Temple administers second dose COVID-19 vaccines

The university administered more than 2,750 first doses during the first three weeks of operations of its campus clinic at White Hall.

Temple University's vaccination site is located at James S. White Hall on Broad Street near Diamond. | COLLEEN CLAGGETT / THE TEMPLE NEWS

Temple University began administering second doses of the Pfizer-BioNTech COVID-19 vaccine to students, faculty and staff during the fourth week of operations of its vaccine clinic at White Hall today.

The university vaccinated 2,754 students, faculty, staff and city residents in the first three weeks of the clinic, wrote Mark Denys, director of Student Health Services, in an email to The Temple News.

Temple began vaccinating students, staff and faculty with first doses of the Pfizer vaccine at White Hall on March 31 and Philadelphia residents on April 1. The clinic administered first doses of the Pfizer vaccine, which are administered in two doses at least 21 days apart, for its first three weeks and will administer second doses in its last three weeks.

People who need their first dose of the COVID-19 vaccine should look to other vaccine clinics because the university is only administering second doses, Denys wrote in an email to Temple students on April 20. 

Temple is administering second doses to a few people who did not get their first dose through the university, but these instances are rare, Denys wrote in an email to The Temple News. People are encouraged to get their second dose at the same place they got their first dose, Denys added.

The university is set to receive 1,100 doses of the Pfizer vaccine from the city each week, with about half the doses intended for students, faculty and staff and the other half for city residents, The Temple News reported. The clinic is vaccinating students, faculty and staff on Wednesdays and to city residents on Thursdays.

Philadelphia expanded vaccine eligibility to all residents 16 years and older on April 16, The Temple News reported

Students, faculty and staff who received first doses at Temple’s clinic registered through the university’s vaccine interest form, while residents were asked to fill out the city’s vaccine interest form. First dose recipients made appointments for second doses before leaving the clinic.

People are considered fully vaccinated two weeks after receiving the second dose of the Pfizer vaccine, according to the Centers for Disease Control and Prevention.

Residents can now sign up for appointments directly to receive their vaccines at city vaccination centers, and the vaccination clinics at the Pennsylvania Convention Center and the Esperanza Charter School take walk-ins, 6ABC reported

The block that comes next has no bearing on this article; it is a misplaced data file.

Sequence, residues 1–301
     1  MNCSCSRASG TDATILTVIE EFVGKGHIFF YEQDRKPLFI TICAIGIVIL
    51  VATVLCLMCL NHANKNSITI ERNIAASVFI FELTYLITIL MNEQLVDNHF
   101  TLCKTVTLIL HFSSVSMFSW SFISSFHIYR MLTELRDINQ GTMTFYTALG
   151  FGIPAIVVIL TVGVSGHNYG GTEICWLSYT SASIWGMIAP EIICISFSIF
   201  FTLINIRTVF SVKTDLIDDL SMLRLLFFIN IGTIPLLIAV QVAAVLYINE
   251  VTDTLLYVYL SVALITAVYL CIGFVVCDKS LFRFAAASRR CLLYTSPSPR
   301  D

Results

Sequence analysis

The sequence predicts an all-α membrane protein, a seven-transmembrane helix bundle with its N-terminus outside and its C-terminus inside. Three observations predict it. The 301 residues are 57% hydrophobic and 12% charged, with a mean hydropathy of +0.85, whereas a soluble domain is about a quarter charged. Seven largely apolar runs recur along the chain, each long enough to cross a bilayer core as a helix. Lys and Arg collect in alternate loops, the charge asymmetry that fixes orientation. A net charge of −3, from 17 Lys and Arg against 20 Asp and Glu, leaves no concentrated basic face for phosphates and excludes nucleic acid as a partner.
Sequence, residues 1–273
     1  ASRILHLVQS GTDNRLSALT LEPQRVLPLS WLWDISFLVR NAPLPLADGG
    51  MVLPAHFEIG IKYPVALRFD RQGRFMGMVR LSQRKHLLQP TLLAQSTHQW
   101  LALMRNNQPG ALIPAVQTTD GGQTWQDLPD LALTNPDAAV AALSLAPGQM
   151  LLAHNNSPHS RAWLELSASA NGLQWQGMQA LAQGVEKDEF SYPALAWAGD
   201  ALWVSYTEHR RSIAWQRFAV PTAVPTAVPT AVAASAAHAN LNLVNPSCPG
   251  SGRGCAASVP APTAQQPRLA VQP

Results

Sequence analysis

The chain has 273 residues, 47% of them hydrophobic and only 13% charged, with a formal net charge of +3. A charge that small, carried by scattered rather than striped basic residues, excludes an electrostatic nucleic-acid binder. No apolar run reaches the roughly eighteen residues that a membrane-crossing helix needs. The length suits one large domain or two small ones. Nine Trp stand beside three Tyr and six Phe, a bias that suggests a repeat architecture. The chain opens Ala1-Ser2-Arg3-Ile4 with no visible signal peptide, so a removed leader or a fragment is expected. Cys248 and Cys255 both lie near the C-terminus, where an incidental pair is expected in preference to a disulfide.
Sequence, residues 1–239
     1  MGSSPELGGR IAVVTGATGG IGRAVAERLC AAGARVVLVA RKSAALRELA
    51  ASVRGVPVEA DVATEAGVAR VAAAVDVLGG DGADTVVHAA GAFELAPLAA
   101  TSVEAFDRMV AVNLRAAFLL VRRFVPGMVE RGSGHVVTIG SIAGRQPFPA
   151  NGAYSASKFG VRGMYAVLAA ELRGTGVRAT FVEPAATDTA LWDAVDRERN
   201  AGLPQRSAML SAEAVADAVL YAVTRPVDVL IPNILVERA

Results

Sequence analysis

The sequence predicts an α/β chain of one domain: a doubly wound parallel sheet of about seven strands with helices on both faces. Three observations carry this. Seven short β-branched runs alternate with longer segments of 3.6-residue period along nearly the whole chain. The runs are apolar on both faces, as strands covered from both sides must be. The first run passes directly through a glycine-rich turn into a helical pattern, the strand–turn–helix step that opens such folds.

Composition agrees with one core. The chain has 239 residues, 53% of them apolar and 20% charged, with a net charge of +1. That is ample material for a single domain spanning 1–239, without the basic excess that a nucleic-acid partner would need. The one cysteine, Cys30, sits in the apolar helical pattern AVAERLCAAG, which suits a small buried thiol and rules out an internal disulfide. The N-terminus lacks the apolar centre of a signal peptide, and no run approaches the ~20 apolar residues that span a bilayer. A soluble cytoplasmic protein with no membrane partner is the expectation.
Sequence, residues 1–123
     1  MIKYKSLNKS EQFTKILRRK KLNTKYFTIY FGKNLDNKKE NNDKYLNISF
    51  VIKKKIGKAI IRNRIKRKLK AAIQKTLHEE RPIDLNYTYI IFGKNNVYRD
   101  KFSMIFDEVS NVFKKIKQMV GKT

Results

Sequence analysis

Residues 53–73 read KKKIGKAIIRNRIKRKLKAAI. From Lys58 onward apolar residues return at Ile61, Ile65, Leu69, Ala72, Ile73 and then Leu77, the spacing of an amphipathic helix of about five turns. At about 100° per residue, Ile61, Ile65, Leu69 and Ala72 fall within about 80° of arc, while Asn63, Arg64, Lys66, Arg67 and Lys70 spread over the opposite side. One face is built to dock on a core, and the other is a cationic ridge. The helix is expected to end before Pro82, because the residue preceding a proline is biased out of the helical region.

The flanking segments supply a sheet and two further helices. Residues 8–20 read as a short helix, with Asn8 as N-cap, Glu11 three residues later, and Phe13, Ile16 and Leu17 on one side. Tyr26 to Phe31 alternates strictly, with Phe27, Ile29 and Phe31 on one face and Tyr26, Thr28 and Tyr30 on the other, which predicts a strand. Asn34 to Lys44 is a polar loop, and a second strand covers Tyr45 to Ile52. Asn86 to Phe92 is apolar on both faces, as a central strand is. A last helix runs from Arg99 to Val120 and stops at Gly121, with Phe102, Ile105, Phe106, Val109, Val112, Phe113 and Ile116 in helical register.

Holly Logan, an outreach specialist at the Career Center, was relieved to get her second dose of the COVID-19 vaccine at Temple’s clinic and is looking forward to “moving on” from the pandemic. 

Before the pandemic, Logan liked to travel across the country to see her family and is looking forward to doing so again, she said.  

“In the future years, I hope to travel again and get together with friends and have like, dinners inside my house, that sort of thing,” she added.

Fully vaccinated people do not need to get tested before traveling within the country or quarantine after traveling as long as they wear a mask and practice social distancing, according to the CDC. Fully vaccinated people should avoid large in-person gatherings but do not need to wear masks indoors with other fully vaccinated people. 

Sharon Douglass, a testing services coordinator at Disability Resources and Services, is ready to interact with others without having to worry about contracting COVID-19 now that she has been vaccinated, she said.

“I feel like I can interact with the world and not have to worry about getting sick and getting others sick,” Douglass added. 

Douglass received her second dose of the vaccine on Wednesday and is planning to travel once fully vaccinated, she said. 

Research on the transmissibility of COVID-19 among vaccinated people is ongoing but so far suggests that fully vaccinated people are less likely to transmit COVID-19 to other people, according to the CDC.

“I just want to see a beach, and Cancun has been on my mind for a minute,” Douglass added. 

Alyssia Sims, a senior technical support specialist at Information Technology Services, got vaccinated to protect her family and to help society return to normal, she said. 

“I have family that has a lot of preexisting conditions, and you know, if it helps our country to get back to a new normal or some sense of normalcy, I’m willing to do that,” she added. 

Sims is also excited about being able to spend time with loved ones again and traveling to the beach and Walt Disney World Resort, she said. 

More than 698,000 Philadelphians are partially vaccinated and more than 459,000 residents are fully vaccinated as of April 19, according to the city’s vaccine dashboard

Philadelphia will achieve herd immunity once approximately 80 percent of the city’s population is vaccinated, The Temple News reported

In March, Health Commissioner Thomas Farley predicted that Philadelphia will reach herd immunity by June at its current rate of vaccination, 6ABC reported.

Brad Murphy, a senior film and media arts major, received his vaccine to keep others safe, he said.

Once he is fully vaccinated, Murphy plans on going to a movie theater and seeing “Nomadland” if possible, he said.  

“I hope other people would want to keep me safe too, so it’s doing my civic duty,” Murphy added. 

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